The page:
Dottie and Charlie are talking, when Robbie, interrupts to attempt to apologize to Dottie for his behavior, while trying to avoid mentioning the home-ec home-wrecker. Dottie gets mad with the way he brushes off his unfaithful-ness, and dumps him.
Robbie gets angry, but is reminded he has detention and begrudgingly leaves.
While Dottie and Charlie get friendlier with each other, Jax and Boom discuss the potential problems that could arise if Dottie and Charlie got together. The ensemble launches into “How It’s Gotta Be,” and sings about issues of racial integration, and how being an interracial couple could lead to issues that the two students might not be prepared for.
Back in the classroom, Robbie and his friends are serving their detention. Robbie begins planning how to get back together with Dottie, although his friends think it’s unlikely. The discussion is interrupted by Tim rushing into detention to let them know what happened in the courtyard.
When Robbie hears there is a chance of Dottie going to the dance with Charlie, he sings “Who’s the Boss,” in which he plots to get Dottie back.
Dottie gets home from school, and hears her mother, Wendy, talking on the phone with Robbie’s mother. When Wendy gets off the phone, her and her husband Walter attempt to convince Dottie to get back together with Robbie, and sing praises about Robbie in the song, “Better than the Rest.”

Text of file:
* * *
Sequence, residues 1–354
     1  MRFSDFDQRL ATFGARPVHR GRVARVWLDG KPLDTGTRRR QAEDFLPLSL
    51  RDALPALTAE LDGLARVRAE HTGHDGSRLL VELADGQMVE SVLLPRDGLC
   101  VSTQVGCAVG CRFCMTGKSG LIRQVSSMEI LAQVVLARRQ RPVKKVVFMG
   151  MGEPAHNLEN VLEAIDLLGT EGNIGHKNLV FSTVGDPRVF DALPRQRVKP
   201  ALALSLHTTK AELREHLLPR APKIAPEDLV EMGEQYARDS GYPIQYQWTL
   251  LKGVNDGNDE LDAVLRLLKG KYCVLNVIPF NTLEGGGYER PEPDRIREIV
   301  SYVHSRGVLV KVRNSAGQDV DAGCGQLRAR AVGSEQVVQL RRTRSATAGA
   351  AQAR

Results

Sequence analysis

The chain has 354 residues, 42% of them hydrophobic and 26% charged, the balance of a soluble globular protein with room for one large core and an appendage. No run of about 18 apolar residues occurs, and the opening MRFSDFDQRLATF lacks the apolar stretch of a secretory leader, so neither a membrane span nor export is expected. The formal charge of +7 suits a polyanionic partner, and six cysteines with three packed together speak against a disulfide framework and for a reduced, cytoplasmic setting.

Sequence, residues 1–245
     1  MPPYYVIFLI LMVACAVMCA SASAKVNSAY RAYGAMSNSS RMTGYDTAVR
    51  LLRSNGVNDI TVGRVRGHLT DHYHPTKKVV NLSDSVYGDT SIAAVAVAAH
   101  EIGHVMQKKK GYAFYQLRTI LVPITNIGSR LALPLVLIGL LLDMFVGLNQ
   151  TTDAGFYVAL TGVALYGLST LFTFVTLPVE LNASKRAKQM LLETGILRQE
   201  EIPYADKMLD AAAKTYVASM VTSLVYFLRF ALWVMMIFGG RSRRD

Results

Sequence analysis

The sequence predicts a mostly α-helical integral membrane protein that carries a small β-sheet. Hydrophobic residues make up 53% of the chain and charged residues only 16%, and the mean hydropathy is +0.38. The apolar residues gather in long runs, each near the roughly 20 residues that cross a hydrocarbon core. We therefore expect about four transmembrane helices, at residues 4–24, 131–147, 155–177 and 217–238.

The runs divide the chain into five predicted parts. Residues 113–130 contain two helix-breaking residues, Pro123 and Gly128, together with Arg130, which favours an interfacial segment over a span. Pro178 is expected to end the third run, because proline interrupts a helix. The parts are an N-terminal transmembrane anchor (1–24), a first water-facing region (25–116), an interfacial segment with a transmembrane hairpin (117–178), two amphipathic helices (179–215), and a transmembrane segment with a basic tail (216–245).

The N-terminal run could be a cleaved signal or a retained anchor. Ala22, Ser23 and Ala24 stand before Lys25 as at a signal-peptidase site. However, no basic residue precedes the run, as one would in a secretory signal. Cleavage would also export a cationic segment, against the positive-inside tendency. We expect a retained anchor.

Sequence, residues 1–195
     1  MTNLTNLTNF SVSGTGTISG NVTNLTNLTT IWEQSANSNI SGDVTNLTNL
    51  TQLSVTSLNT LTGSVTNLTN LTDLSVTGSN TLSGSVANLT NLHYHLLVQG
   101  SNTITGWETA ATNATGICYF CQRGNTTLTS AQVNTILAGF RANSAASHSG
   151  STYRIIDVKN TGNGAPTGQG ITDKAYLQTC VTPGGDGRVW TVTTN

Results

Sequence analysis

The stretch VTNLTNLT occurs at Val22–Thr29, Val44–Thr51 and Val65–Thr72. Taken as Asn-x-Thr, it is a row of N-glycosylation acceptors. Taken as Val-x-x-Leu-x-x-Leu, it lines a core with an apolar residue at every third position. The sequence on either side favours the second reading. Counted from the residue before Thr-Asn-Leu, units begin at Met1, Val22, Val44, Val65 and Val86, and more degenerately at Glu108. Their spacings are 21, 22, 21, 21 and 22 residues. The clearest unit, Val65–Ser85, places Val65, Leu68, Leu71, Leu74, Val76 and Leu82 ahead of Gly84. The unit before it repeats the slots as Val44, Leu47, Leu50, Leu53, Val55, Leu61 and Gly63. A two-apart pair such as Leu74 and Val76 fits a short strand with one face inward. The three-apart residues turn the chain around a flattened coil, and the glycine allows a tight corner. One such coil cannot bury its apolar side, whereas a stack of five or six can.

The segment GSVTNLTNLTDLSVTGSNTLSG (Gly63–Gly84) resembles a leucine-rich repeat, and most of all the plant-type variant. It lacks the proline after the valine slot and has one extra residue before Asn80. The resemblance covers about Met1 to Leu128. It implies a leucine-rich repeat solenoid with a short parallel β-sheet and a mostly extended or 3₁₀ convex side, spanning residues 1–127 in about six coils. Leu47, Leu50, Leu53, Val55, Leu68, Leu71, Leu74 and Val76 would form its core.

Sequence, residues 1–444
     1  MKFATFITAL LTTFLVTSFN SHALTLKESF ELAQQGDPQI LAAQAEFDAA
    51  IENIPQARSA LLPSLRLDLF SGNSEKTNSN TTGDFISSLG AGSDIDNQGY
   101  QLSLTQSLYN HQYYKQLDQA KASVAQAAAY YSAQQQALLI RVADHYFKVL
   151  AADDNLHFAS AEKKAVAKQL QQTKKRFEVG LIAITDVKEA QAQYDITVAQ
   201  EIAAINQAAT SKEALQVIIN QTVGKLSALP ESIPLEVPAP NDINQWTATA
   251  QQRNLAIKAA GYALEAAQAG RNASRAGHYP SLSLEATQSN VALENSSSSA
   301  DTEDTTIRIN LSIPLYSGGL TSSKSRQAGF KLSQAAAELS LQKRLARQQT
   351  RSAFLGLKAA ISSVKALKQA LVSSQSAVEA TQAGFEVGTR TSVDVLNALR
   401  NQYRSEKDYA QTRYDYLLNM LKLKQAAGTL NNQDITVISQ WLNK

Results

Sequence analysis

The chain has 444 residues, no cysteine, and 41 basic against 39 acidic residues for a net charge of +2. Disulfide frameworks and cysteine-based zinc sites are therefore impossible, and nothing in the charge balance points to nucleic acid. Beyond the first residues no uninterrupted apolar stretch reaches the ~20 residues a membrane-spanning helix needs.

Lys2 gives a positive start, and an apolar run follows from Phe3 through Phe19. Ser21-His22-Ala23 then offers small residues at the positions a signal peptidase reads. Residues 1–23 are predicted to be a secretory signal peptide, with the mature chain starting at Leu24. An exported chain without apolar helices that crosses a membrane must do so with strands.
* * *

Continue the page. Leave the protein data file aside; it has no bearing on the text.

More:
Furious, Dottie storms out the door. Her parents let her go, thinking she just needs time to cool off.
Dottie goes to Mama’s, a lively diner in town. She approaches the counter and sees Charlie working. The two talk, and Charlie notices Dottie is alone, and goes on break to keep her company while she eats.
The two make idle chit-chat, neither really quite sure how to talk to the other, but realize through the song, “Getting to Know You,” that even though they look and were raised differ-ent, they’re both still just people.
The song is broken up by Robbie, who is shocked at the sight of Charlie and Dottie sitting together. The two boys get into an argument, with Robbie promising to show Charlie “what’s up” in the Freaky Friday dance-off; the night’s main event.
At Freaky Friday, Char-lie’s team, The Steptations, are challenged by Robbie’s team, the Dancing Machines. The two teams take turns showing off their moves in “Metronome.”
Once the dancing ends, the judges tally scores and Robbie offers to take Dottie to the dance, but she tells him that she’s going with Charlie, shocking both of the boys.